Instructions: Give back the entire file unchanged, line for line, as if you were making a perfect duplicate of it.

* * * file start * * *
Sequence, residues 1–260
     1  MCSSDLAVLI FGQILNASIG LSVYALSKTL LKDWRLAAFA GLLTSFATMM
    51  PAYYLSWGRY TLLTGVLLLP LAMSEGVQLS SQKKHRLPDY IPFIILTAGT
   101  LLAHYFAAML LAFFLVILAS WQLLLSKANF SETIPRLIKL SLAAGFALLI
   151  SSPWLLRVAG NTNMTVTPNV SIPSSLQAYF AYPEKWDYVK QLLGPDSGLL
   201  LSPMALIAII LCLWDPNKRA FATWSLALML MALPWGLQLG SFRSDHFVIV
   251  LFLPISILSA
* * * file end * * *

Sequence, residues 1–260
     1  MCSSDLAVLI FGQILNASIG LSVYALSKTL LKDWRLAAFA GLLTSFATMM
    51  PAYYLSWGRY TLLTGVLLLP LAMSEGVQLS SQKKHRLPDY IPFIILTAGT
   101  LLAHYFAAML LAFFLVILAS WQLLLSKANF SETIPRLIKL SLAAGFALLI
   151  SSPWLLRVAG NTNMTVTPNV SIPSSLQAYF AYPEKWDYVK QLLGPDSGLL
   201  LSPMALIAII LCLWDPNKRA FATWSLALML MALPWGLQLG SFRSDHFVIV
   251  LFLPISILSA